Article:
by Bill Schacht
Music Business Version 2.0 — a major shift in the music business is upon us. The kind which only comes along once a generation. The music business is entering an era once again more about music and artists than it is the bankers or robots who powered the last two eras.
Just after the world survived the feared Y2K bug, other unforeseen technologies arose to freeze the music business into the deep defensive coma form it is only now just beginning to thaw from. The inability to adapt to these massive new powers cost the music business dearly. Billions and billions of dollars bled out over this past decade. Music version 1.0 didn’t go too well.
Worse, what was an industry grown and run, to an extent, by supporting the creative form, art and artists, had already gotten smacked around good by the CD/MTV era. The highs were high but the come down was harsh. The dual pressures of high finance (duplicating CD’s was seen by financiers as akin to printing money, with fans and recordings already there to exploit from the vinyl era), and the hyper focus on image which MTV demanded forced artists into strange new roles and molds. Along with those stock prices, bankers rose to rule. And higher profits pressure meant more pressure to deliver more hits. Gone were the days an artist might release 4 or 5 albums until that hard focus on profit — in some cases, it seemed like 4 or 5 months was the max for life support. If it didn’t stick, wipe off the wall and move along. If 1 or 2 out of 10 acts popped, so did the corks. Those other 8 or 9 careers? Collateral damage. Prince scrawling ‘slave’ over his face was a defining image.
But those bankers were nothing compared to the robots. Like trillions of items streaming out the broken glass storefront during a global riot, untamed technology enabled music to simply be taken, again and over again, on an unprecedented scale.
Salvation from the massive hemorrhaging appeared in a company uniquely positioned to take full advantage of the situation, wrapping their sorely needed digital tourniquets over the gushes — which in turn helped drive them to become the top company in the world. For worse and better, bits and bytes, hardware and software became the new rule, the robots soundly defeating the bankers as the music business’ new masters.
Yet somehow, amidst the cacophony of computational construct, built upon the bank notes and bullion, a precious tone has somehow cut through. And it is a very raw, human, non computerised tone, joined by a most simple, three word refrain:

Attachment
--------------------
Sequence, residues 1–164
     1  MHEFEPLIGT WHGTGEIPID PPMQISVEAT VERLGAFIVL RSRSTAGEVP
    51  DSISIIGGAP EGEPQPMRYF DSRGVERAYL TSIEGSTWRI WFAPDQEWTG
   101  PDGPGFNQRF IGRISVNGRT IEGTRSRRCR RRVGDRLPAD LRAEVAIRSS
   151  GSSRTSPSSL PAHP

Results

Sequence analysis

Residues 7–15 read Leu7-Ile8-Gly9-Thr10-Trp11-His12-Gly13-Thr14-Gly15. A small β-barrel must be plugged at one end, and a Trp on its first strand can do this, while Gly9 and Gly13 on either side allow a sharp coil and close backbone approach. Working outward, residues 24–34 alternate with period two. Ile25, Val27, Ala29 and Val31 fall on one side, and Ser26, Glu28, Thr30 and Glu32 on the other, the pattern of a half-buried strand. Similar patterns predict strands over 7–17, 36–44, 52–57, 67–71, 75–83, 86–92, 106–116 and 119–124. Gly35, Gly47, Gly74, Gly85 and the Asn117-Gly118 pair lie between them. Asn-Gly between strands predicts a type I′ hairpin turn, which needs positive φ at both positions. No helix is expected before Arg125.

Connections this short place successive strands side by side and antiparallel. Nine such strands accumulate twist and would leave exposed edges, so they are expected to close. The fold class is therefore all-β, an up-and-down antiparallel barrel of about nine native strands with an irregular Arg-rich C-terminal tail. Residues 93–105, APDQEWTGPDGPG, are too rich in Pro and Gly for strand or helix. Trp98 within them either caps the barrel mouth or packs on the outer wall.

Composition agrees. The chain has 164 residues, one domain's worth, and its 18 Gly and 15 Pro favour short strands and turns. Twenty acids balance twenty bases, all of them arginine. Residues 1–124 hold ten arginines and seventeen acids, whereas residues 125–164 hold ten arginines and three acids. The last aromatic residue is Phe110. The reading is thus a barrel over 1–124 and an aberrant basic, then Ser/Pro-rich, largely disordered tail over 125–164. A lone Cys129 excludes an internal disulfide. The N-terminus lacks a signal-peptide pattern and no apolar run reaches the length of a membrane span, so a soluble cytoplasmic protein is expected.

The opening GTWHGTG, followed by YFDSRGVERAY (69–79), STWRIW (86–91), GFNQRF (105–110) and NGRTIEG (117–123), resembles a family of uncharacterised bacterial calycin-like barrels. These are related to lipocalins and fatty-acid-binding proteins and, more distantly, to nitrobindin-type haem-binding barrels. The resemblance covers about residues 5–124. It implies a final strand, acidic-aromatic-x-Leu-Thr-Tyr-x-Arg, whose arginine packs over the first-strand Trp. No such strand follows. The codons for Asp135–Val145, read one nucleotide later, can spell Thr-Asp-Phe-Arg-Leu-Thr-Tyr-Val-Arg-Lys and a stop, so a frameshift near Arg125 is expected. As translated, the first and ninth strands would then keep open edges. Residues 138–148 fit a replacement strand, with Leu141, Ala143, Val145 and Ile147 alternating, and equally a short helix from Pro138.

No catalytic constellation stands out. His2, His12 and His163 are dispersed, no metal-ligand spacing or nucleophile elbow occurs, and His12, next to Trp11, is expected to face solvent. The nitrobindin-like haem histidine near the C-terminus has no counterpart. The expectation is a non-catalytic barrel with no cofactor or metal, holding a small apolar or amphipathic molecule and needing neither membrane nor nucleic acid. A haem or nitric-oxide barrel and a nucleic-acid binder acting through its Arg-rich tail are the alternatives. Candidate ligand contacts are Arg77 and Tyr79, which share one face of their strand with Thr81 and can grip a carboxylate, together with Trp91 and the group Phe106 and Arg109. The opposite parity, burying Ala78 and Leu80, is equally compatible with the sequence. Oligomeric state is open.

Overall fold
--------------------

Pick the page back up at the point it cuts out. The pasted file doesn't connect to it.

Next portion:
‘It’s about us’
Could it be?
Could we just be moving from artists to bankers to computers back to….. artists?
Consider this. Founded and run by a music fan, Spotify proves, as some suspected back in the day, that salvation lay in those zeroes and ones, if just harnessed and directed properly. More and more people are now more and more quickly signing up for music subscription service jukeboxes in the sky, there and elsewhere. It is clear the current status needs to be further developed — and quickly — current compensation schemes simply must be rethought and improved. Rest assured, with those banking and computing geniuses of yore still heavily in the game, and so much to win, we will get there.
‘It’s about us’
Some tag Jay Z’s artist owned TIDAL press announcement a miss (hey, you try getting that roster on stage, OK?) — ‘rich’ artists with a voice at the table — one even quoted Nietzsche. Imagine that. Successful? Intelligent? The nerve! Why should anyone support…. them?
Regardless of your take, the tone grew much louder that day.
‘It’s about us’
And then the gas tanker smashed into the bonfire. June 21, 2015. That beautiful, pivotal, defining, explosive, historic moment. That world’s top company took mere hours — hours — to capitulate to Taylor Swift’s sweetly intoned note. Some say the flip to agree to compensate artists for the free three months offer they’d sought to avoid paying for carries a multi-billion dollar price tag.
For the first time in a long, long time, artists took the win.
‘It’s about us’
That vision at Spotify, that Tidal sea change, that swift kick from Taylor…. a new era for music has arrived. More humanity, less business, more artistry, less robots — a new rhythm, a new logic.
With every choice we make regarding music — music, invisible, yet invaluable to us all — who and how we support it, and the respect we breath out and in to it — we all have a voice, a vocal line, in this song.
So if you like this tone, this tune, turn it up, make it heard.
Because if we’re lucky, and if we get it right this time, the music business is finally back. To music.
After all, it really is, about….. us.
Bill Schacht is a creator and music industry veteran of 25 years having had the ‘pleasure and honor’ as he says to have worked with and for many of the world’s top artists and entertainment companies, including genre making artists like Aliyah, Wu Tang Clan, KISS, Rev Run, Dio, Faith Hill and others, through various formats of music videos, print, marketing, web, editorial, skins, events and others. He is currently focused on the new orb immersive format designed to bring compelling next generation visuals & experiences to music, to be released later this year.